Tuesday, April 16, 2013

Accuracy vs. Fluency

Tutor Andrew Froiland posed a question that many tutors struggle with. It concerns the tension between accuracy and fluency. He wrote,
B— is very intelligent and is very concerned with grammatical correctness in her English use.  This, of course, is great!  But I'm concerned she is too preoccupied with getting everything 100% correct to the detriment of learning the language as a whole…
I feel like she needs to get to a place where she is speaking English in her mind, rather than thinking in Korean and then translating.  When communication becomes more comfortable, then she can focus on grammatical correctness.  Is this fair?

It's interesting problem. A tutor and a learner find themselves somewhat at cross purposes. She wants grammatical accuracy. He perceives a greater need for fluency, i.e. expressing her ideas naturally, conversationally. First, I advised Andrew to talk it over with her and to come to an agreement about what they work on and how they do it, because she is an adult learner with lots of say in the learning process.  

But his question got me thinking about how word games get people to work on fluency without neglecting accuracy. One such game was “The $100,000 Pyramid,” a game show from decades past. The players have to figure out how to give a clue without speaking certain words. This is much the same way language learners have to use limited language to talk around the gaps in their vocabulary.

The game has a pair of players working together, a sender and a receiver. The sender has to give clues for his partner, the receiver, to follow without saying any of the words in the clue. She, in turn, has to guess what idea or thing he’s trying to communicate. It's a kind of mental exercise. Struggling to express yourself through the restrictions makes for an exciting challenge.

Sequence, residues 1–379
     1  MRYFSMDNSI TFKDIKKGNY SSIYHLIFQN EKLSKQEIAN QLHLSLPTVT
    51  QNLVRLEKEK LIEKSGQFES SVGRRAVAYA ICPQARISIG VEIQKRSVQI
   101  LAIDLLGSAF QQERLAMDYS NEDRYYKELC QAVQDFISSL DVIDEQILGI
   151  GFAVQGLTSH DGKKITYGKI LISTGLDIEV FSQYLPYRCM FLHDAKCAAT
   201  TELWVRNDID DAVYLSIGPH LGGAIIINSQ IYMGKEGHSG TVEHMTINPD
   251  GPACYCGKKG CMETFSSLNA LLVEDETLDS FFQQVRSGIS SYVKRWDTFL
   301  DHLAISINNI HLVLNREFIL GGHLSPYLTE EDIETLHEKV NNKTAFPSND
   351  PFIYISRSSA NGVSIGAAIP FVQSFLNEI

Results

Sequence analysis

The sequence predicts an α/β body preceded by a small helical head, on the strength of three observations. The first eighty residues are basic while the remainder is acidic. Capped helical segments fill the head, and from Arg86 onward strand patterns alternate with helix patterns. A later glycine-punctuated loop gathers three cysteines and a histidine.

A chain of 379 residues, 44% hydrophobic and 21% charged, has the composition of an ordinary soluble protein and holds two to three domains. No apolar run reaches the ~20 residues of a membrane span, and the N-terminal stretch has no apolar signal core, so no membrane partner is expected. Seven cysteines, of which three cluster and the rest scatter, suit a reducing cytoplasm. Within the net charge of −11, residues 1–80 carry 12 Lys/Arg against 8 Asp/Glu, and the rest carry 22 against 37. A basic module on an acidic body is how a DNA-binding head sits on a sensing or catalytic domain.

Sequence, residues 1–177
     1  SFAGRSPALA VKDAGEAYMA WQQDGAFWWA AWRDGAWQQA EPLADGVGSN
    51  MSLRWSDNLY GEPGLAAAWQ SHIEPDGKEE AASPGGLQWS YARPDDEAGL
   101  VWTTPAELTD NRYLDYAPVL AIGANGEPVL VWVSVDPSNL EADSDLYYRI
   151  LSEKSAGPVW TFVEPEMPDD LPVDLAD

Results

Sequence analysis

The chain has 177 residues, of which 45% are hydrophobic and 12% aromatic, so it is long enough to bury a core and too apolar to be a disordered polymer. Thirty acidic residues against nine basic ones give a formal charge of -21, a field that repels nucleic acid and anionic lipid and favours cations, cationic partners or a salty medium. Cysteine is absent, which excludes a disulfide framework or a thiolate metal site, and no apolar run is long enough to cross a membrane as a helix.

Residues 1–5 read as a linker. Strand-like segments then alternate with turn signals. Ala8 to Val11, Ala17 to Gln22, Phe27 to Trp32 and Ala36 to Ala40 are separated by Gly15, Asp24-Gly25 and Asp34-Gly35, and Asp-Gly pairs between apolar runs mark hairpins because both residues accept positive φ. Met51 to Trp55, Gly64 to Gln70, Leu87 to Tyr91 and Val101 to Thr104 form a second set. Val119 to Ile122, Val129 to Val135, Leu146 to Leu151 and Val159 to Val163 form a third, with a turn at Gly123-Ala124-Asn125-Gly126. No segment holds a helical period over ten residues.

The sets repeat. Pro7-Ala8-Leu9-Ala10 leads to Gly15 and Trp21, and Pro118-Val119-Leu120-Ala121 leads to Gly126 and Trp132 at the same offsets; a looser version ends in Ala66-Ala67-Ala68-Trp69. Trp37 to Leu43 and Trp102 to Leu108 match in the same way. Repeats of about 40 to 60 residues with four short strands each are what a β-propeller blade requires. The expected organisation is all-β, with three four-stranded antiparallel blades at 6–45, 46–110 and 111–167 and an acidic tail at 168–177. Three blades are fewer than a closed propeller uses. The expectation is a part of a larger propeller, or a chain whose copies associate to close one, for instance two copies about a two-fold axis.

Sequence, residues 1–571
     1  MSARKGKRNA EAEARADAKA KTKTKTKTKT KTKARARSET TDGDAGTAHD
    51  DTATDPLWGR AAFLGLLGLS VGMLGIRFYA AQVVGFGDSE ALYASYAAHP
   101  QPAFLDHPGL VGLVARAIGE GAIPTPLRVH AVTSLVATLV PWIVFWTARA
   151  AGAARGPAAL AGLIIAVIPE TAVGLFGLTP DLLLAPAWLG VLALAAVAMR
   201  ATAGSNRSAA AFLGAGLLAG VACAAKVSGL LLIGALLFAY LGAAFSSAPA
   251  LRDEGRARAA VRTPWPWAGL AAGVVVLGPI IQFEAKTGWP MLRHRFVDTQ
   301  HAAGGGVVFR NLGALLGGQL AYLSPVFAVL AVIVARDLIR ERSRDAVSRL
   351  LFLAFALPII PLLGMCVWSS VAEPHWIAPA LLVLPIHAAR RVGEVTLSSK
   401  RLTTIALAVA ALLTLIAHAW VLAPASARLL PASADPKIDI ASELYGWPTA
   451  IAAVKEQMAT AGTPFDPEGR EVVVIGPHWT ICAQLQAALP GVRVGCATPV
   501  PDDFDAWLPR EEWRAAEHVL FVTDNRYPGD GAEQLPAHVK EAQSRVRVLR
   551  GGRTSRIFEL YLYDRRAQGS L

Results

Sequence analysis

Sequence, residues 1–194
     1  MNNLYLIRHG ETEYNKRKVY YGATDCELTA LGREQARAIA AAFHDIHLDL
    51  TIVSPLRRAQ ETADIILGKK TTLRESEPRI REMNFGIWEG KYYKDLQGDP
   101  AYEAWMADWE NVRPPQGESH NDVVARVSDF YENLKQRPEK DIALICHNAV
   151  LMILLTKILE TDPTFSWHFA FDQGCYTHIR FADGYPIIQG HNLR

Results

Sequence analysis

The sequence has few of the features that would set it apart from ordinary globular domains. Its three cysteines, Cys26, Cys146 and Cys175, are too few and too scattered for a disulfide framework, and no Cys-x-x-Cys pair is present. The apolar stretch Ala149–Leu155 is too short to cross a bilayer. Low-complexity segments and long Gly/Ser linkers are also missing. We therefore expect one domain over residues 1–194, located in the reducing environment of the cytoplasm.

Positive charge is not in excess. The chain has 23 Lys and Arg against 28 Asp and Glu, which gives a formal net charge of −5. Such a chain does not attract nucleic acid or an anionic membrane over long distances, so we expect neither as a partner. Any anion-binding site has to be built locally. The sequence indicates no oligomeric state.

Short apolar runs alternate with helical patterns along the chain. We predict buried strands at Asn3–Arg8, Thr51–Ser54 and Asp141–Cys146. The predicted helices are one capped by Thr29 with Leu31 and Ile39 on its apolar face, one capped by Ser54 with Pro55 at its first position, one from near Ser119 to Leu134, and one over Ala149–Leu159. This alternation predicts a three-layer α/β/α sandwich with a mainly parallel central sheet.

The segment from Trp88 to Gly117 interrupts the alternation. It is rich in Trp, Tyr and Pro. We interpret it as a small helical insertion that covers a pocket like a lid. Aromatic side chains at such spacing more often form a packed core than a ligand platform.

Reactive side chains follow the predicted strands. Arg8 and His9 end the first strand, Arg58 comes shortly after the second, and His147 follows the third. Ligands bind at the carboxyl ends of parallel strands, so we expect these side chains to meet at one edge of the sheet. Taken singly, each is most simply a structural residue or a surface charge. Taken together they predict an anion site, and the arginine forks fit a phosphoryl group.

Here is a link to a video of people playing the game: http://www.youtube.com/watch?v=wRcWYdOmcdQ to give you a better idea how it works. If you search for a minute you can find a much younger David Letterman taking a turn as a celebrity player. It turns out that you can actually play a version of the game on Facebook. Here is a link to the page where I found it: http://www.gamezebo.com/games/100000-pyramid.

You could play it on line if you like but you and your learner may find it simpler to play face to face. Create little cards—perhaps index cards cut in quarters—with topics or questions on them.  A long list of conversation topics can be found here: http://iteslj.org/questions/.  The links for these conversation topics are single words or short phrases. Here is a sample: 

So, if the learner pulled a card saying “Inventions,” she could look up the word, if she doesn’t know it, then give you clues like, “The light bulb, the wheel, the Ronco Pocket Fisherman, pre-sliced bread, etc.”  Switch positions from time to time so that she is both sending and receiving. You can look for other games specifically designed to teach and reinforce grammar patterns in a book called Grammar Games by Mario Rinvoluccri  Click on the link to find a copy on Amazon.

The idea behind playing games is to get a person to think faster, to worry less about details and more on getting the big picture.  There is a wide variety of games out there to play. You can find many at Dave’s ESL Café. Keep learning. Keep having fun.

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